As far as I’m concerned, no science fiction series set in space holds a candle to the original Star Trek series; it’s fun and campy without being distractingly so, the plots and acting hold up well over time, and it is chock-full of lessons that encourage personal growth. Over the years I’ve grown and learned a lot while watching the show. The growth is probably due to my love of potato chips but the learning is all thanks to Star Trek. You see, this seemingly simple science fiction show actually can teach you a lot about life. Here is a small sampling of some of the life lessons Star Trek bestows on its viewers.
The buyer should always beware: In the season 2 episode, The Trouble with Tribbles, lieutenant Uhura buys a mysterious little pet while on shore leave. The animal is called a tribble and she has never heard of them before. She doesn’t ask any questions about its care and doesn’t seem curious about any problems or pitfalls of the species. She just falls in love with the cuddly, trilling thing and buys it. The next day, Uhura’s tribble has babies, which she gladly gives away to other crew members. Before you know it, the USS Enterprise is overrun with tribbles. They crowd the bridge, have gotten into the ship’s mechanical system (much to Scotty’s chagrin) and they are eating all of the food. It turns out that 50% of each tribble’s system is devoted to reproduction and they have babies about every 12 hours. Like any infestation they must be collected and removed from the ship immediately, which means many lost man hours.
All of this could have been avoided if Uhura had asked some questions of the breeder. Once she found out how quickly tribbles reproduced, she would not have purchased one. While you and I probably won’t make any purchases that procreate that quickly and easily, we should always be wary of deals that seem too good to be true and we should find out all the upsides and downsides of our potential purchases before we buy.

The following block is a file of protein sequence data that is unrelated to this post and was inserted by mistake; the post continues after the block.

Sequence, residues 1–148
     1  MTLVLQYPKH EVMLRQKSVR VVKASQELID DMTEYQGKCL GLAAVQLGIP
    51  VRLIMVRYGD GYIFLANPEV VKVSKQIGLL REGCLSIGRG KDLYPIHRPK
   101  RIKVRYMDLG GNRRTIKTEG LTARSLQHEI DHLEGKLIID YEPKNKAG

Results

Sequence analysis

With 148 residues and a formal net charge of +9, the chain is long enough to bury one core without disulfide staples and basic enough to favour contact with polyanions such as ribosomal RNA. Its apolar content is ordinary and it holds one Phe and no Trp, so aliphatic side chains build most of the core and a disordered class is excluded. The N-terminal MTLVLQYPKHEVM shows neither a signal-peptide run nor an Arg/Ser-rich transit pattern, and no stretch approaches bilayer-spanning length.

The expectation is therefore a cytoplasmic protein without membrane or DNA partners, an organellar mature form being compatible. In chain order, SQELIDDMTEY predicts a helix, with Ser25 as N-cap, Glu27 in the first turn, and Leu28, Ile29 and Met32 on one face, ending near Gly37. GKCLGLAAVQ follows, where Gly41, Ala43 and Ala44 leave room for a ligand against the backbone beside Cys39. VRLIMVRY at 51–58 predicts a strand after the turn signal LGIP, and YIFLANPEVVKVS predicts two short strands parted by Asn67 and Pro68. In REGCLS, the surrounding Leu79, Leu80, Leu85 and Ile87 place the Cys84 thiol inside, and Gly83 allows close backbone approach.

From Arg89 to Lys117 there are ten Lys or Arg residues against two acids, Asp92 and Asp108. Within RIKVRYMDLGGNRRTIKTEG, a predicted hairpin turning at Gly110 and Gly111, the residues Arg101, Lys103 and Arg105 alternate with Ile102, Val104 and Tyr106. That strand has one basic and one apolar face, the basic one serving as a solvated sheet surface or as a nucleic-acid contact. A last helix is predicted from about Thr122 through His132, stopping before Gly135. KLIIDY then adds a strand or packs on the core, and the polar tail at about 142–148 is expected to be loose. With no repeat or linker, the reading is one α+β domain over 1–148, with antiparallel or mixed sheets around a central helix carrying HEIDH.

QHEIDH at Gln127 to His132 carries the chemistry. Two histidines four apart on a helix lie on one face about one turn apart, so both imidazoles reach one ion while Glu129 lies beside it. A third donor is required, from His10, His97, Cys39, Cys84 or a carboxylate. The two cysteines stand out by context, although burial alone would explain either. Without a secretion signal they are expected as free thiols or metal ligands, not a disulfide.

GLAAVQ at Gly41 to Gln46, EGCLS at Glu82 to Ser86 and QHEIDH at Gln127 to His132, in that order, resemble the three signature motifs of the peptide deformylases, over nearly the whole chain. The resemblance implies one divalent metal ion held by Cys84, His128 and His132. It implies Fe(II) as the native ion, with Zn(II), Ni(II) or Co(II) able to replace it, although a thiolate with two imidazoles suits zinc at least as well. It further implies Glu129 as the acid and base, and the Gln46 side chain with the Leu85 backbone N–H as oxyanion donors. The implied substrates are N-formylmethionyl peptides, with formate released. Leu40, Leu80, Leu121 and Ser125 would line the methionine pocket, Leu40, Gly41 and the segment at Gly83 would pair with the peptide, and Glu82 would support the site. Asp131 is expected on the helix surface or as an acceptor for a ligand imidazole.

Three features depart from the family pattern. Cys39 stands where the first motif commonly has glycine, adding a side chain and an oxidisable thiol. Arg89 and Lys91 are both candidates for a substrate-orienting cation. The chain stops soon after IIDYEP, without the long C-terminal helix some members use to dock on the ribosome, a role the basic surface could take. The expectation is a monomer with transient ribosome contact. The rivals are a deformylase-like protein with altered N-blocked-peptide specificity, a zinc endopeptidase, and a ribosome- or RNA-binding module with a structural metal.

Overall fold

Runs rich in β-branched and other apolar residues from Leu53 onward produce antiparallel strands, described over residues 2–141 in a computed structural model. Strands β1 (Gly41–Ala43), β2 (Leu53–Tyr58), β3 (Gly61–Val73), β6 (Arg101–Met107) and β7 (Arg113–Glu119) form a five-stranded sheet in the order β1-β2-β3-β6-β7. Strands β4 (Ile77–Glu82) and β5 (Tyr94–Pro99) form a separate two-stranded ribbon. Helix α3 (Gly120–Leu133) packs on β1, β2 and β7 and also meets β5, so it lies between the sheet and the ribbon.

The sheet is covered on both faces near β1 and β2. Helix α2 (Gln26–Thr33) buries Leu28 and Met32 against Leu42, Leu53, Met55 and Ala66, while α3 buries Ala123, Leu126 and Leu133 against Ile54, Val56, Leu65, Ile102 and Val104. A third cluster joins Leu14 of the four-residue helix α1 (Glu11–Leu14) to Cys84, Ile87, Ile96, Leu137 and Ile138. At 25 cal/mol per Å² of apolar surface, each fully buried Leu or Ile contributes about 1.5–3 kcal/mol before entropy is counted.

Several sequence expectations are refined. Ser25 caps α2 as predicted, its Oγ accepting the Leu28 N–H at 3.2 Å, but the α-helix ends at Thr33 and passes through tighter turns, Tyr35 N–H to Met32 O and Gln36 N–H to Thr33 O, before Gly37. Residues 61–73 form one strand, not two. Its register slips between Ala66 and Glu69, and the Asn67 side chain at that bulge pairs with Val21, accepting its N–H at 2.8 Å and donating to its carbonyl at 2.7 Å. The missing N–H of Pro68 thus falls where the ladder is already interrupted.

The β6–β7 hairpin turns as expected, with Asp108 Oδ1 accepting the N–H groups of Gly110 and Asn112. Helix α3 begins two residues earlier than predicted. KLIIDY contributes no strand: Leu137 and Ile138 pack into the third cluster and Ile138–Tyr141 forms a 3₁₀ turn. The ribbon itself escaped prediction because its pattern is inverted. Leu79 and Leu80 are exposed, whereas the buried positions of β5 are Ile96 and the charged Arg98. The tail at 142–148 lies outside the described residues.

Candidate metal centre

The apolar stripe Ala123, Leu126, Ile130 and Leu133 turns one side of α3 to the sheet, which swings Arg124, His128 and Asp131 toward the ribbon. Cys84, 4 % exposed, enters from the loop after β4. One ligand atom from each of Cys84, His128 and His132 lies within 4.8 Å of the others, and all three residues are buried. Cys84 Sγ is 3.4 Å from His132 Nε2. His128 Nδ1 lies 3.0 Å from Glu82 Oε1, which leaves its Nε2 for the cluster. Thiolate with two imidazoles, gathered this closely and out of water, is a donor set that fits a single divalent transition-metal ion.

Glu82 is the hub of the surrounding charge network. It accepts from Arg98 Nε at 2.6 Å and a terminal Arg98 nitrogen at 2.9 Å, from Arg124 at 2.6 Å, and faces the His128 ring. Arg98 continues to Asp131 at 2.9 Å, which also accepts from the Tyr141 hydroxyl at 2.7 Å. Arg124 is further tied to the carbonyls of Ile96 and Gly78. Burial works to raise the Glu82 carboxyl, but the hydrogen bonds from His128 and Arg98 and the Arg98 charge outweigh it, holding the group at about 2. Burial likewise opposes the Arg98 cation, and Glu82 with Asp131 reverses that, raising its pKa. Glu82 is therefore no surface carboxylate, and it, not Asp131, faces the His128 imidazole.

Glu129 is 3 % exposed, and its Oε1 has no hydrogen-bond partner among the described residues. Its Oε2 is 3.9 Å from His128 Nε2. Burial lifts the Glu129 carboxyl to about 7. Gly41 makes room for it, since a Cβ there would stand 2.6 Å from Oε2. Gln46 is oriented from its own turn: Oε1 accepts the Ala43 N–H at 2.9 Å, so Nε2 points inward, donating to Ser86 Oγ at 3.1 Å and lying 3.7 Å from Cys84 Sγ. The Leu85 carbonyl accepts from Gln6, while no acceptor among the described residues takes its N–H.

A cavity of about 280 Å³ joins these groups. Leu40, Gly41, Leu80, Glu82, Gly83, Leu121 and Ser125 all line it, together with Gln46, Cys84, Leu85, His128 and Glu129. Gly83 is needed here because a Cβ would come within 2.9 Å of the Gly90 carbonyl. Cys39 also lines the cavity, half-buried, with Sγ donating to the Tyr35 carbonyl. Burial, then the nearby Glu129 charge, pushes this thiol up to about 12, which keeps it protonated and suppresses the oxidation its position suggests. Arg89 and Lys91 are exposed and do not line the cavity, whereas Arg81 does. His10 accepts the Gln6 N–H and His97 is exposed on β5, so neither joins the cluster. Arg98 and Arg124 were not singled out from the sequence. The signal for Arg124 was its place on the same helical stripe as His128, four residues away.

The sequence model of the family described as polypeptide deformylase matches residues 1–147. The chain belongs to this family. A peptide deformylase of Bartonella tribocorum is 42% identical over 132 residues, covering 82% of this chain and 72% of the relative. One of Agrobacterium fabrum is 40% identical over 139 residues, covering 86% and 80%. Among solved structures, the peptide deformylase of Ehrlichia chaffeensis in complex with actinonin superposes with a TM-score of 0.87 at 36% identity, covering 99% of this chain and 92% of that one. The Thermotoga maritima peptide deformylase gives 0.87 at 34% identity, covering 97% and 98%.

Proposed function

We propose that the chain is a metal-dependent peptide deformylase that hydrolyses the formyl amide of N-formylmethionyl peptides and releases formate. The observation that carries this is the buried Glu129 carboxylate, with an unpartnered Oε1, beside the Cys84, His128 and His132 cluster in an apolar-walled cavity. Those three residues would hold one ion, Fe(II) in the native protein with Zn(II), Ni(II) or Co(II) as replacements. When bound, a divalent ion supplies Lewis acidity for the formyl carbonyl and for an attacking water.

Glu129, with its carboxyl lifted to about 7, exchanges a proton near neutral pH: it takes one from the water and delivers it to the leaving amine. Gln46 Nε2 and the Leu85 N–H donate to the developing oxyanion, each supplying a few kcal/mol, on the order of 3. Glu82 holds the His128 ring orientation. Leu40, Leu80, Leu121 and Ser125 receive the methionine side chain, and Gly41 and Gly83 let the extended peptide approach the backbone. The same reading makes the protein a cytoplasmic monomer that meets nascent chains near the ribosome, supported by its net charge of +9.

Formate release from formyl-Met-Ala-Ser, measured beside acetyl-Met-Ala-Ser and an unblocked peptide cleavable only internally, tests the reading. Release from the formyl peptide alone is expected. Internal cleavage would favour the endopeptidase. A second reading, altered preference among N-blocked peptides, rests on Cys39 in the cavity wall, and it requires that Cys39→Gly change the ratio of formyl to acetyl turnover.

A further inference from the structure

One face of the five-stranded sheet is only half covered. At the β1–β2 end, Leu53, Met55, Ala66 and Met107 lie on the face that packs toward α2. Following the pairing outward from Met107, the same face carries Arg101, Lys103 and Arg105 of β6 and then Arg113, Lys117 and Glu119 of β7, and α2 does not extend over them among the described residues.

Logic + emotion = balance: Spock and Captain Kirk are each like a different emotional extreme. Spock is almost completely unemotional
(except during mating season) and Kirk is very emotionally empathetic. Spock has no pride or hubris while Kirk has a little too much. Together they work as a team to soften each other’s attributes and create decisions that are founded on both logic and emotional responses to situations. We regular folk could benefit from learning how to mix objective logic and reason with our emotional side to make decisions that aren’t lacking in either brains or heart.
A doctor is a doctor, is a doctor: I could not tell you how many times the USS Enterprise’s doctor Leonard “Bones” McCoy explains to Kirk that he is a doctor and not some other type of professional able to hypothesize or fix things outside of his specialty. This lesson can be taken two ways:
a) Understand what you know and admit what you don’t. How much trouble could they have gotten in if Bones had gone outside his specialty?
b) Find the right person for every job. Don’t ask your dog walker to opine on an injury your dog has—go to the vet. When laziness and accessibility come together you end up with the wrong person for the job.
You are expendable… unless you are a main character: When an episode of Star Trek shows an unknown character beaming down to a planet, you can rest assured that there will be a death sometime during the episode. You know who will die? That one dude who beamed down that you, the viewer, had never seen before; the extra. And when the survivors get back to the ship no one else seems to care that this one dude died. If you aren’t an important, outgoing individual at your workplace then no one is going to miss you if you get laid off or fired–which makes you the first choice to beam down to planet jobless. Avoid this by staying involved in committees and projects at work, producing ideas and efficiency measures, and being noticeably good at what you do.